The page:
Many readers have picked up on Jeffrey Deitch’s comments about Francois Pinault’s recent art purchases during the “After the Deluge” panel at the X-Initiative last month.
So many have commented, in fact, that Deitch got in touch with us to clarify his remarks.
First, Pinault did not cancel a purchase from Deitch. Though Deitch is aware of other canceled deals (and ArtMarketMonitor.com has heard corroborating stories), it is important to emphasize that Pinault did not cancel all of his purchases.
More to the point, Deitch’s comments were meant to reassure the audience–which was composed of a number of young artists–that there were frustrations at all levels of the market.
We failed to run all of Deitch’s comments from the panel. That was our mistake. So we’re including them below.
You’ll see that the rest of his remarks concern what the art market has to do as a community to weather the financial storm.
Do you have a business model for how you run Deitch Projects and can that model sustain this downturn?
We try to run the gallery as much as a private ICA as possible without having to really think about business. We had a very good run during the past few years. We were able to make all our programming decisions on a non-commercial basis, and it’s a wonderful luxury and we’re very thankful we were able to do that.
Are those days over?
An economic downturn, that’s part of the world. If you want to sustain a business, you have to be able to last through the downturn as well as take advantage of the boon times.
Are you changing your strategy to focus more on your primary or secondary market sales?
The strategy now is not to face reality, because we get a lot of rewards from doing projects that don’t have a commercial return, and I can’t face cutting them at this point.
What if one of your artist comes and says, “I want a million dollars to build this gigantic thing.”
That’s the one specific thing, no more super-expensive applications. Last year, British artists who are friends of mine wanted to create their dream project, the electric fountain, which was presented in Rockefeller Center. It was very, very successful with the public. It cost a million and a half dollars, and there was no one else to pay for it except me.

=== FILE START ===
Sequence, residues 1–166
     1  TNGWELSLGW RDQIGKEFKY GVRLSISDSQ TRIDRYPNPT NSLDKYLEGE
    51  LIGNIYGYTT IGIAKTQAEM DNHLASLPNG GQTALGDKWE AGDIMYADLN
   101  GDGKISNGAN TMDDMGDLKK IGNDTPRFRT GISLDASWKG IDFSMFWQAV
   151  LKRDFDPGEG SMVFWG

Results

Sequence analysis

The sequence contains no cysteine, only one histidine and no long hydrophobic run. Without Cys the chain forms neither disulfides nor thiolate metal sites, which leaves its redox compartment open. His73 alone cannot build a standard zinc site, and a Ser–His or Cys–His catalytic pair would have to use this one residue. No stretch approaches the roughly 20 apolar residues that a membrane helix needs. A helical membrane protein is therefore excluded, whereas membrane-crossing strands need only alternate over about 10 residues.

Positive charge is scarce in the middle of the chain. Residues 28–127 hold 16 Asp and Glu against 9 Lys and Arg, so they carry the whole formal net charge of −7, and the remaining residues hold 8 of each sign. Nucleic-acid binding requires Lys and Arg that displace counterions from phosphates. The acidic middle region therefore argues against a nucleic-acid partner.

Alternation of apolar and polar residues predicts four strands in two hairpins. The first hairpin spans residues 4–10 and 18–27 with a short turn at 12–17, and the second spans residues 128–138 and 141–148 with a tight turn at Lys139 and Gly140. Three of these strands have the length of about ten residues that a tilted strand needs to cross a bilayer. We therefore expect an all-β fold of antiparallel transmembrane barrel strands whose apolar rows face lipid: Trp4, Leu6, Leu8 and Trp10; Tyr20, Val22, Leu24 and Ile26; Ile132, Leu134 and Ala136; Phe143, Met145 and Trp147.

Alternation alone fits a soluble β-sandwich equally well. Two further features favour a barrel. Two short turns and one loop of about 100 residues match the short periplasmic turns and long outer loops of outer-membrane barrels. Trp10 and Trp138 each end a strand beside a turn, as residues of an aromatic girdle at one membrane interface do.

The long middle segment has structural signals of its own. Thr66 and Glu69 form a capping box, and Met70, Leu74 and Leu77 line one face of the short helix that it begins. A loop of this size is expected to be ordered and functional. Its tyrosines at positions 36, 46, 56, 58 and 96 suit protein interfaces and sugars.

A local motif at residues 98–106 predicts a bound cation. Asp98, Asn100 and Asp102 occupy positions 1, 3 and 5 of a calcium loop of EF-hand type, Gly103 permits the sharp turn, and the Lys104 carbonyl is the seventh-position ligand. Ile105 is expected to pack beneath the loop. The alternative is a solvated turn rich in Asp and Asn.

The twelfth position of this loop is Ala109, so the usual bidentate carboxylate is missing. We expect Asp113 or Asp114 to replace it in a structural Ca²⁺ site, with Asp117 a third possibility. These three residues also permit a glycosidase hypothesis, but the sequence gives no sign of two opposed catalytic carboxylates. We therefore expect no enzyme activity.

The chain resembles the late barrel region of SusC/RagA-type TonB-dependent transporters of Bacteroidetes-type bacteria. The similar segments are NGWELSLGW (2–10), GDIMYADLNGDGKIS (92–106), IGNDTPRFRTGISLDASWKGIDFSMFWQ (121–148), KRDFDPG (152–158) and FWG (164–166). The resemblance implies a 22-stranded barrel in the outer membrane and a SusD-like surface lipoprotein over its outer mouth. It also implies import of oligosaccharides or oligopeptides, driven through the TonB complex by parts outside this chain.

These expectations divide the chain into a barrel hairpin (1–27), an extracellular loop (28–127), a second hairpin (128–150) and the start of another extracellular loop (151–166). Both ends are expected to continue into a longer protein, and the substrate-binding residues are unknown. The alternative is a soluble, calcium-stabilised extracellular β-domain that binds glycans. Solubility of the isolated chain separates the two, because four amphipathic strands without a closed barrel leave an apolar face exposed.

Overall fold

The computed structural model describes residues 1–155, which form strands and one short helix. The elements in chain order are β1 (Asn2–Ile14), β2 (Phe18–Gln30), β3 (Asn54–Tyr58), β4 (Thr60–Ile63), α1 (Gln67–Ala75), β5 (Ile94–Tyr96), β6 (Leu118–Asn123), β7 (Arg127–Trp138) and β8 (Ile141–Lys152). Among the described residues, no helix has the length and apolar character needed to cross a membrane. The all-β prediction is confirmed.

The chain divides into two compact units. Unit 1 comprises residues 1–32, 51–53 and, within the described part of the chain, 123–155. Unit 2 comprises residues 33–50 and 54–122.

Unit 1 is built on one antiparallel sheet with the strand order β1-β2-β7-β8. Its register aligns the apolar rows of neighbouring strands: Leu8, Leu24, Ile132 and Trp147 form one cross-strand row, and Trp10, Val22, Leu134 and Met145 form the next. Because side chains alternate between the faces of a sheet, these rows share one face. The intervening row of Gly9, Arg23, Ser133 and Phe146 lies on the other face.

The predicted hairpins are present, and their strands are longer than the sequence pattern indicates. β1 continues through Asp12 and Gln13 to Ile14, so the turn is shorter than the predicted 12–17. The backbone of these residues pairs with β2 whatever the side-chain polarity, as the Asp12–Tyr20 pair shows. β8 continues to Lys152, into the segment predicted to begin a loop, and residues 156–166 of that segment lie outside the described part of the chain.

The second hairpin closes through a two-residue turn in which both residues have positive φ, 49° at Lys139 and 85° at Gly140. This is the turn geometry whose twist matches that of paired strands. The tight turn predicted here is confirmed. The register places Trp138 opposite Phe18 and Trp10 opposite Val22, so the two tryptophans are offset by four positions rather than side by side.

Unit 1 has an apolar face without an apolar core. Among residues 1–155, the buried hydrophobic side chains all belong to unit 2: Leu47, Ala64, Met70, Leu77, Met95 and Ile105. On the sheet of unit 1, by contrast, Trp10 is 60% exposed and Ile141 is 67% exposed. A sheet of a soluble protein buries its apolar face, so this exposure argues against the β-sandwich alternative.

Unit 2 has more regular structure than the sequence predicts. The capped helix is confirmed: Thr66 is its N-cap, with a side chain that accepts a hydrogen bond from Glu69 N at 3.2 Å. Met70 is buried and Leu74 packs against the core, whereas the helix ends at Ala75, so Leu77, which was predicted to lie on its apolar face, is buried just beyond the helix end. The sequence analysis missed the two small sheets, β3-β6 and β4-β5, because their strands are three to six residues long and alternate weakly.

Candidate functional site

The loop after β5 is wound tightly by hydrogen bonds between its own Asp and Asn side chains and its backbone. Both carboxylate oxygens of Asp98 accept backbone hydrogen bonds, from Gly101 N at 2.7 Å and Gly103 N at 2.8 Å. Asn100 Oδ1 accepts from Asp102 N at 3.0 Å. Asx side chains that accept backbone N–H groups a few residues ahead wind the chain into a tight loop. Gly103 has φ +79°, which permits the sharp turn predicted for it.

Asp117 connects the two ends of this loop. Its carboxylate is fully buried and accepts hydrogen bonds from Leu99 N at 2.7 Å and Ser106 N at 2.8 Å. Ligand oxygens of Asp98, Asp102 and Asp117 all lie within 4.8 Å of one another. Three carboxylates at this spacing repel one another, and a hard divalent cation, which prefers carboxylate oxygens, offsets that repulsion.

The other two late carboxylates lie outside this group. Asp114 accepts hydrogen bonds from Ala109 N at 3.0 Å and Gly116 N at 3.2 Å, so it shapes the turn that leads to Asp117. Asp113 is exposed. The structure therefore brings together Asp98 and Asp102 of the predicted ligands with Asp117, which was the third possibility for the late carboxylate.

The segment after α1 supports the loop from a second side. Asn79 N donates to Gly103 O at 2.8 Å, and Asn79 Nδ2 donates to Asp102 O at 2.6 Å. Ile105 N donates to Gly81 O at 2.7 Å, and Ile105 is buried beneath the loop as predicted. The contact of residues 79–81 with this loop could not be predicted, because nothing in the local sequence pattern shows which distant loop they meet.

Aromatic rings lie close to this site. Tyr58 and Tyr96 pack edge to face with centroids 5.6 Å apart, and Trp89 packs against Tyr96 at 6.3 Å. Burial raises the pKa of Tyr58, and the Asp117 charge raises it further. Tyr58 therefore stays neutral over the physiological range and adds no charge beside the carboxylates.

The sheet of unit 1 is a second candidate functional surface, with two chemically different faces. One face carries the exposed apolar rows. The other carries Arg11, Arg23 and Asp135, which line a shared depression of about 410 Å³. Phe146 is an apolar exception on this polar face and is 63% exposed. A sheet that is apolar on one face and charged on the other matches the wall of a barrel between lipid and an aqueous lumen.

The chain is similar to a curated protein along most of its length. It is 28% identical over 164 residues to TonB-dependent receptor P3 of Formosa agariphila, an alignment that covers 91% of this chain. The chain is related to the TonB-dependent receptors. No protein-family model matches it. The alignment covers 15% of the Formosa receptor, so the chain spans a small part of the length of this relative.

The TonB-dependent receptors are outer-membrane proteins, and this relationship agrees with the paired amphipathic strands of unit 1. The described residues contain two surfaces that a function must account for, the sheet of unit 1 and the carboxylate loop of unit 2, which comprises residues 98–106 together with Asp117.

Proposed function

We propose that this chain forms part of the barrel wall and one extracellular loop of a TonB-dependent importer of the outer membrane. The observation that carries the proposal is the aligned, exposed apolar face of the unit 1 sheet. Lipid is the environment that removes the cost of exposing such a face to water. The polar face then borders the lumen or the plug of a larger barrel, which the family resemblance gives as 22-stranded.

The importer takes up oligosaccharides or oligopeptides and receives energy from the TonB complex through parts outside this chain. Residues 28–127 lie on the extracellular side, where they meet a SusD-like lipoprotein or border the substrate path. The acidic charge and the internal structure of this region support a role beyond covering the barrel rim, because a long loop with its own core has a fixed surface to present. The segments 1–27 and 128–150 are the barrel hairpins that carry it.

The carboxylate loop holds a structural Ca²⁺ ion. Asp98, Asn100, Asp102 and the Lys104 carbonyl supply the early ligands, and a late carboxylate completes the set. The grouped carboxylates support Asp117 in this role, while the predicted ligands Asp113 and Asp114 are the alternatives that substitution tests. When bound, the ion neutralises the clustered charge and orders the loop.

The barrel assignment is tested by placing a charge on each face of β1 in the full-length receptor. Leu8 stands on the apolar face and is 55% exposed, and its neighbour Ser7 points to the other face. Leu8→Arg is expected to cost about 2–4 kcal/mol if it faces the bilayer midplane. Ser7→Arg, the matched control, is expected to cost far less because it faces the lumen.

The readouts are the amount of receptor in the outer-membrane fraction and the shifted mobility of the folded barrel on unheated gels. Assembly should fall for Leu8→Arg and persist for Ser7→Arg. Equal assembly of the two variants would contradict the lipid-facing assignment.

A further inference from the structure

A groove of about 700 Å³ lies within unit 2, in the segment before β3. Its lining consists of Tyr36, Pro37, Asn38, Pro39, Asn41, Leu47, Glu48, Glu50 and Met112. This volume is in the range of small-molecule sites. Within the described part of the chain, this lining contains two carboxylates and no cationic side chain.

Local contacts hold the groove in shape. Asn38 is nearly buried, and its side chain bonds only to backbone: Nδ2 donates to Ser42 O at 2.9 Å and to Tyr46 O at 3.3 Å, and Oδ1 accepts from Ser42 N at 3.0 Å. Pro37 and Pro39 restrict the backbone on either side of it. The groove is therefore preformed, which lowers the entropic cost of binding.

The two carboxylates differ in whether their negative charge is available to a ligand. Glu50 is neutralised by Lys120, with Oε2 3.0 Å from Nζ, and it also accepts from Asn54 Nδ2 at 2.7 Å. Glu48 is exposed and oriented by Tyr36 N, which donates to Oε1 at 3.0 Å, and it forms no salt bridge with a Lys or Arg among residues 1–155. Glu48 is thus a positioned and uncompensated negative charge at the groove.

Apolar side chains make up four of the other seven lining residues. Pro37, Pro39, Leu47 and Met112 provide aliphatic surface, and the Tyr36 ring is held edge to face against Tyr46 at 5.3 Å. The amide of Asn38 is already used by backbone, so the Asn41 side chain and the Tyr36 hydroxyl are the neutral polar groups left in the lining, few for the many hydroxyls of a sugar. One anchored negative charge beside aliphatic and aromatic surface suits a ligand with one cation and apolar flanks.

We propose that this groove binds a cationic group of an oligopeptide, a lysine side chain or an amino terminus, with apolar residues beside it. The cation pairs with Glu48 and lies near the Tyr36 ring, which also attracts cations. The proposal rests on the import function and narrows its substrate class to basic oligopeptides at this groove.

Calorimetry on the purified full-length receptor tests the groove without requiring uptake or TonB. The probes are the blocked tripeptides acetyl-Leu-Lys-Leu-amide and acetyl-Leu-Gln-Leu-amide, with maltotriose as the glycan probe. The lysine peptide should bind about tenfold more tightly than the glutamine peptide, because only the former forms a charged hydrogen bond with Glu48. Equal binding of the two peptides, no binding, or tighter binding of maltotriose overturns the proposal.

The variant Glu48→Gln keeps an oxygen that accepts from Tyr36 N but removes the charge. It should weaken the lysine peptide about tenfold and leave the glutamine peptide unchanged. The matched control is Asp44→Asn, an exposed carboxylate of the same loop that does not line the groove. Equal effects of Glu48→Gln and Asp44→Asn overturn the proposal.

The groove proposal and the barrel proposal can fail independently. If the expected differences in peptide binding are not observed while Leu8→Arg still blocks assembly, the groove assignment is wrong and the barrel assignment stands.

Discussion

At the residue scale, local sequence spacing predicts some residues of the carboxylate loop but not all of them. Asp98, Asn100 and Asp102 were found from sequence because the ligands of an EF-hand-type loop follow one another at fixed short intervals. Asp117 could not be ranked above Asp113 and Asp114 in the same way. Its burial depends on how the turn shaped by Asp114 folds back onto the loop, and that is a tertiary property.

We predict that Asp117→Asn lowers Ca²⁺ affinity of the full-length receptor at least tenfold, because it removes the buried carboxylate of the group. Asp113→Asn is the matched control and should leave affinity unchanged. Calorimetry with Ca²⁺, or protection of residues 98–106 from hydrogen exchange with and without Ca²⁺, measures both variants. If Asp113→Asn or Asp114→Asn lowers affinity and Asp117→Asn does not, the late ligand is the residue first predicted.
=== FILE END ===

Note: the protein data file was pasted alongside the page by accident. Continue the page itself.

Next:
Do you have any chance of recouping that money?
I’ll have to wait until the market recovers. The real estate projects are in bigger trouble than the galleries are. That’s something you have to realize for a while. I can now say, “Sorry, that’s over.” That was always the biggest strain on resources.
How will the downturn impact your exhibitions and who you will represent? Will you scale back? Is capital harder to get a hold of?
So far, we haven’t altered the plans. Like I said, we’re improvising. Something is essential about what we all do in art – art is inherently an optimistic endeavor. We’re optimistic, and I want to keep a sense of embracing the future and not to descend into a kind of gloom.
Is it possible to stay on a budget?
We have to. We’re going to try every possible means of trying to keep the whole thing going, and hopefully we’ll only have to strain for a year or two. Nobody knows, it could be longer. In that case, we can’t. But I’m trying to keep the ambition up and keep the program very active.
How is art going to be impacted, how is art-making going to change to reflect the times?
Something that we have in the art community, even with the downturn, is our community. It’s an absolutely remarkable community. There’s nothing like it, it’s international, it’s increasingly diverse, and I think that we’re going to look more and more at our community as an amazing asset. Something that does happen during economic downturns is that the community becomes stronger. Reading about what happened in the 1930s, it was not a great time for art innovation, but the 1930s, because of the WPA projects, that’s how a lot of the artists met each other in New York. The whole New York school would have never really come together without these connections made with the WPA. In the Seventies and early Eighties, when I got my start in the field, there were wonderful models, like the Times Square show of 1980 where the uptown community from the South Bronx and the downtown community came together at a massage parlor a block south of 42nd Street and did the greatest show of that time, and a lot of artists met each other, they connected through that show. What I think’s going to happen is the opportunity for shows in this model, where artists who otherwise don’t have the structure to connect are going to meet, and be the foundation for a whole new community, the same way the Times Square show was a foundation for the dynamic New York art community of the 1980s.
Shouldn’t the city or non-profits help with doing shows in empty retail spaces?
A collector friend of mine who lives in Beirut came to New York and walked through SoHo and was shocked with all the empty storefronts. “Doesn’t the city do something about this, this brings the whole area down. You have to do something.” An initiative I’d like to put out here, I’d like to try to get together and figure out a way to turn every empty storefront in the art neighborhoods into art galleries, art installations, something that could be done…we could do something amazing in the neighborhood where this is concentrated.